century association biographical archive

Earliest Members of the Century Association

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Jacob G. Schurman

President, Cornell University/U.S. Ambassador to Germany

Centurion, 1903–1942

Full Name Jacob Gould Schurman

Born 22 May 1854 in Freetown, Prince Edward Island, Canada

Died 12 August 1942 in New York (Manhattan), New York

Buried Saint Matthew’s Episcopal Churchyard, Bedford, New York

Proposed by Salem H. Wales and Henry E. Howland

Elected 4 April 1903 at age forty-eight

Archivist’s Note: Father of Jacob G. Schurman; brother of George W. Schurman

Seconder of:

Century Memorial

Long recognized as one of our elder statesmen because of his many years of distinguished service in education, diplomacy, and public life, Jacob Gould Schurman had his roots in two tough enduring stocks, belonging as he did to a Scotch Nova Scotia family of Dutch origin. His long and useful life began eighty-eight years ago on Prince Edward Island. There he won a scholarship in Acadia University which took him to the University of London and then to Edinburgh. To finish his course in philosophy he studied in Heidelberg, Berlin and Göttingen. He taught for a few years in Acadia University and in Dalhousie University in New Brunswick before going to Cornell to serve there as Professor of Philosophy for five years and as President of the University for twenty-eight. During that time he spent a year, in 1919, in the Philippines and was President of the United States Philippine Commission which drew up the original charter for the Islands. After his retirement in 1920 from the educational world he went as Minister to China and then in 1925, at the ripe age of seventy-one, was appointed Ambassador to Germany, where he remained four years. To the end of his life he was actively and energetically occupied in public affairs and he enjoyed an international reputation as an educator, philosopher, and publicist. His activities did not often bring him into the general life of the Club but he added something of high value to its associations.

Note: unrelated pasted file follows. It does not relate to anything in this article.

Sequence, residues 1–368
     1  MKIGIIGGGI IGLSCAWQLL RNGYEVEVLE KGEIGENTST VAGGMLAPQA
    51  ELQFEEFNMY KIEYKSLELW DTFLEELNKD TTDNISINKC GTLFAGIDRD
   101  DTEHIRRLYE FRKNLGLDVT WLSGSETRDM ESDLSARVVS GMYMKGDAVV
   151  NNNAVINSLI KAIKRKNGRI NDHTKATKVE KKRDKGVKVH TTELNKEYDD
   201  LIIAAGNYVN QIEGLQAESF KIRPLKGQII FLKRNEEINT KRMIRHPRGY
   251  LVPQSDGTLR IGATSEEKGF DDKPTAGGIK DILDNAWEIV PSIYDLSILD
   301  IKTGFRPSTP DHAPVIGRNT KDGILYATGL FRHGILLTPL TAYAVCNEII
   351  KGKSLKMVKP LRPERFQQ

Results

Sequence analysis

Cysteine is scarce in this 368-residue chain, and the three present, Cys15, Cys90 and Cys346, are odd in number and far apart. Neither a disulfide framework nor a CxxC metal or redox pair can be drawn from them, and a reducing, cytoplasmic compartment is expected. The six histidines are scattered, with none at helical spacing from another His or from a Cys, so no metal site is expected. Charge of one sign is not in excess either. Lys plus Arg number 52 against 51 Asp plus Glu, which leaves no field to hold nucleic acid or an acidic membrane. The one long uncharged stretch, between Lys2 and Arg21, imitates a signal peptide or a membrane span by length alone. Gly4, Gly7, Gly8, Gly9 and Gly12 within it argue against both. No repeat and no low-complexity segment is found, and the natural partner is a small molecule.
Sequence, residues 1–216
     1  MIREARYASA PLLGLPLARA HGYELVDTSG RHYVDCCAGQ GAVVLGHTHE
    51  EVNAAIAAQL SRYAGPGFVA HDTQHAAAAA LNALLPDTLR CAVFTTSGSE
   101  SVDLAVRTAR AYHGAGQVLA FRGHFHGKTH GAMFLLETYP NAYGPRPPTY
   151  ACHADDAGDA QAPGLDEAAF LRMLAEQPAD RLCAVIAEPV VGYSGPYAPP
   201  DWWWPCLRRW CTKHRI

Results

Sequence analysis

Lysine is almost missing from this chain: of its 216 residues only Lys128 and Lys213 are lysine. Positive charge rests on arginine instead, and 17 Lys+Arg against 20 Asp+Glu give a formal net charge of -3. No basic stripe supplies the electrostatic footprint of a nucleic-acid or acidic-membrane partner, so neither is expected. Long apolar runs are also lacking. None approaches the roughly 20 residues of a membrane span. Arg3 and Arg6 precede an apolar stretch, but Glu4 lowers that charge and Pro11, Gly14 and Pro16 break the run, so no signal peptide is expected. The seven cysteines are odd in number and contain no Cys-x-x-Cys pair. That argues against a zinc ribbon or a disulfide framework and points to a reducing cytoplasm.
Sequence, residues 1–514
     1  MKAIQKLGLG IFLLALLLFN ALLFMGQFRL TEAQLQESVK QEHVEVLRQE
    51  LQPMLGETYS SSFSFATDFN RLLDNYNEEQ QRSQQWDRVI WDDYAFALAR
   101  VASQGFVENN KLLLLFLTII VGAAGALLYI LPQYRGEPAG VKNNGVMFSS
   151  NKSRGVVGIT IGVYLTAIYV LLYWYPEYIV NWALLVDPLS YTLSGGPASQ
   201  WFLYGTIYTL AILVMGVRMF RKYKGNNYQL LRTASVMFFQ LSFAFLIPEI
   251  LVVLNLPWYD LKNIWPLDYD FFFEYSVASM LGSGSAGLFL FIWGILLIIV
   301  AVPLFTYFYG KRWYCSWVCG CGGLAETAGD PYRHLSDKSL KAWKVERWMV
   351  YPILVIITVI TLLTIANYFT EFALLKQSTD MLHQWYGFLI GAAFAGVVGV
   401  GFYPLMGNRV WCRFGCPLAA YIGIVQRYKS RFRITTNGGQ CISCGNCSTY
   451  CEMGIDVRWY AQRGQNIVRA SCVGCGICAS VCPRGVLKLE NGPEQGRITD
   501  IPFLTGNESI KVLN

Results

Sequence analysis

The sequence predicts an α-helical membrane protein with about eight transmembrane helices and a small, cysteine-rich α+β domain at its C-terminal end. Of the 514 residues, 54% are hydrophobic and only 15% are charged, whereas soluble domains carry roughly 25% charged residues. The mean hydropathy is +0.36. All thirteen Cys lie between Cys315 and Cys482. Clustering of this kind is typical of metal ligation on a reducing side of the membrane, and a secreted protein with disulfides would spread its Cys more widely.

Geoffrey Parsons
1942 Century Memorials